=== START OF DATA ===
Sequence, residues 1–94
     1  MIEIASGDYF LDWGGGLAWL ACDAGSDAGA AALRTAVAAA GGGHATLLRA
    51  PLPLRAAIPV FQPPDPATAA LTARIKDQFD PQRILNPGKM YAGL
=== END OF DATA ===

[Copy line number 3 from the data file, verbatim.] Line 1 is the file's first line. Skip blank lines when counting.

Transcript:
    51  PLPLRAAIPV FQPPDPATAA LTARIKDQFD PQRILNPGKM YAGL